The Nightster, however, balances the scales between curb appeal and ride appeal. The design team put a lot of effort into giving it a classic Sportster look, with a 19-inch front wheel combined with a 16-inch rear wheel. Despite being built on a different platform, the Nightster’s rider triangle remains similar to that of other Sportsters, with a low 27.8-inch saddle, mid-mounted controls and low handlebars. (For those who prefer forward controls, they’re available as a $599.95 accessory.) A nice bonus is that both hand-held joysticks are adjustable to suit your hand.
With 3 inches of travel for the emulsion technology shock absorbers and 4.5 inches of travel for the 41 mm Showa dual-valve forks, the Nightster’s well-damped suspension provides a comfortable and responsive ride. The only adjustability is the front-rear load and a wrench is included under the saddle. And with 32 degrees of cornering clearance on both sides, you can lean in reasonably before bending the soles of one’s shoes. Single disc brakes front and rear with Brembo brake calipers and steel braids provide plenty of stopping power.
The RevMax is an engine that feels fun – revving at 9,500 rpm – and the 975cc version in the Nightster feels lively and engaging. Taking it through a series of quick curves felt like the right thing to do. How else does one do justice for such a responsive engine and solid chassis? But the Nightster is still a cruiser, just like fun going down Main Street at a cold pace.
There’s a good reason we love air-cooled engines. They are elemental, pure and elegant in their simplicity. The cooling fins look cool, and the absence of a radiator and associated plumbing keeps the engine bay clean and tidy. There’s no denying the performance and emissions advantages of a liquid-cooled engine, but let’s face it, not many of them leave you satisfied.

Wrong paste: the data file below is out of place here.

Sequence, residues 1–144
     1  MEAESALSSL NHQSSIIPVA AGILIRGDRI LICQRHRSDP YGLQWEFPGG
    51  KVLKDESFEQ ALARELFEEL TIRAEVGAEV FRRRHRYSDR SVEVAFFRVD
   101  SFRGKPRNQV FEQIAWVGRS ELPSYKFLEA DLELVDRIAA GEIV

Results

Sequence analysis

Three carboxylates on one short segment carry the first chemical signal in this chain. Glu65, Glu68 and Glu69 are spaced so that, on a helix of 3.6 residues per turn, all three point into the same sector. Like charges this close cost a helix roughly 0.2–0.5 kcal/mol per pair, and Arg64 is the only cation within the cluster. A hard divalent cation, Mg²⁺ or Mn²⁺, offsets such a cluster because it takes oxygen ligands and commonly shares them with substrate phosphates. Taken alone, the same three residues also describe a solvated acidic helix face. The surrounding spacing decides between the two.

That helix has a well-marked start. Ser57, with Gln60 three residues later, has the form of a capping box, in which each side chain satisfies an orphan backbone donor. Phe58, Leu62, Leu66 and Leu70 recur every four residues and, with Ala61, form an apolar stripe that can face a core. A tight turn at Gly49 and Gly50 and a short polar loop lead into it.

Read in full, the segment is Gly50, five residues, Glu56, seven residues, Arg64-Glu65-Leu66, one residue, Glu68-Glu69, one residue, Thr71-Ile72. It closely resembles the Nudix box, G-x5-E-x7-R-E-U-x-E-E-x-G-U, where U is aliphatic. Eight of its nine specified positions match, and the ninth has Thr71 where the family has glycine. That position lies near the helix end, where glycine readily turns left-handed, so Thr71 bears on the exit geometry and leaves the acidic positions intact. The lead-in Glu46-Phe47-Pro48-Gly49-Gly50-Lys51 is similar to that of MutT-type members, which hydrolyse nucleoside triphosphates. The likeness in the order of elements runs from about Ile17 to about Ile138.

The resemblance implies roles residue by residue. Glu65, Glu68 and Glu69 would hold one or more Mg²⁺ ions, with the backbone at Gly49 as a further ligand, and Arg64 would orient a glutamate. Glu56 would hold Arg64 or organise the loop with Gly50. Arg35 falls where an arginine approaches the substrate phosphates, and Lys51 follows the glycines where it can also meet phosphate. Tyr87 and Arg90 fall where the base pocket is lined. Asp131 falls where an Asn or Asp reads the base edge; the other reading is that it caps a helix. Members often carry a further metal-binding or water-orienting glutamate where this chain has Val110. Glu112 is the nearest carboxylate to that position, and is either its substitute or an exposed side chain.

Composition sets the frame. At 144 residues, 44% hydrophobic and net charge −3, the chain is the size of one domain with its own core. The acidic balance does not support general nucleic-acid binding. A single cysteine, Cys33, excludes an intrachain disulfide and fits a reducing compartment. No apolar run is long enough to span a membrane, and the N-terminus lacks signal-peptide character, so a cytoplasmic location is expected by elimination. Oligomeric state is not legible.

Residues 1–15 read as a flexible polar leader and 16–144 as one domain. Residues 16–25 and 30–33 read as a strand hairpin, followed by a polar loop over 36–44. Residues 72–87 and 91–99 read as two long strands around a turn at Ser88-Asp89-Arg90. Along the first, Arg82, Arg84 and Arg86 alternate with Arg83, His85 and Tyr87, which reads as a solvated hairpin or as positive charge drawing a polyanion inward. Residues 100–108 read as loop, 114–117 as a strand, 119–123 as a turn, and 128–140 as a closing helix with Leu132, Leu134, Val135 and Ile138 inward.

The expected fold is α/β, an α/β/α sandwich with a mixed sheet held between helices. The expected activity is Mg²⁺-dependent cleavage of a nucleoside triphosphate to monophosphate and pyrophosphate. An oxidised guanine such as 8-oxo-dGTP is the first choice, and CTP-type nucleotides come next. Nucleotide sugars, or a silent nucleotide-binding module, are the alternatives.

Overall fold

The surfaces and finishes on the RevMax make it look muscular and sturdy, but also a bit robotic. On the Nightster’s muffler side, everything on the powertrain has its proper place, but the plastic covers that cover the radiator and oil cooler look like an afterthought. On the base side, there are unsightly wires and hoses between the engine and the radiator that even the discontinued Street 750 is hard to avoid. Harley-Davidson is known for its attention to detail, and on the Milwaukee-Eight Twin-Cooled it went to great lengths to hide evidence of liquid cooling. As with the RevMax engine, aesthetics were its biggest challenge.
There’s also unattractive exposed wiring around the handlebars, and the switch pins next to both handles are bulbous with cheap-looking buttons. Perhaps it’s because Harley-Davidson has previously set such high standards for fit and finish that these deviations show up like sore thumbs.
Otherwise, the Nightster looks sharp. Like the original XL1200N Nightster, bright work is minimized, with a single layer of chrome found on the fork bars. The seven-spoke wheels are finished in Satin Black and the 2-in-1 exhaust is matte black. The black tachometer display is both stylish and functional, and the single circular instrument gauge is sleek and user-friendly. All lights are LED and the rear turn signals act as brake lights.
In its early days, the Sportster gained a reputation as a hot car because it offered more horsepower and less weight than most of its competitors. Over the years, however, that reputation faded, and Sportster was seen as a respected member of the old guard rather than the vanguard.
Thanks to the RevMax platform, the Sportster S and Nightster have regained their reputation for performance. The Sportster S is more powerful, sleeker, and has higher-spec electronics and components, while the Nightster is more familiar, more accessible, and more closely associated with the calendar. Sportster’s long history. Both are taking Harley-Davidson in a bold new direction.
Specifications of Harley-Davidson Nightster 2022
Basic price: $13,499 (Vivid Black)
Price as checked: $13,899 (Red Border)
Guarantee: 2 years, unltd. mile
Engine type: Liquid cooled, 60 degree horizontal V-Twin, DOHC with 4 valves per cyl.
Diameter x stroke of piston: 97 x 66mm
Horse power: 90 @ 7,500 rpm (claimed, at crank)
Torque: 70 lb-ft @ 5,000 rpm (claimed, at crank)
Transmission process: 6 speeds
Last drive: Belt
The standard long: 61.3 inches.
Rake / Trail: 30 degrees / 5.4 inches.
Seat height: 27.8 inches.
Wet weight: 481 lb
Fuel quantity: 3.1 gals.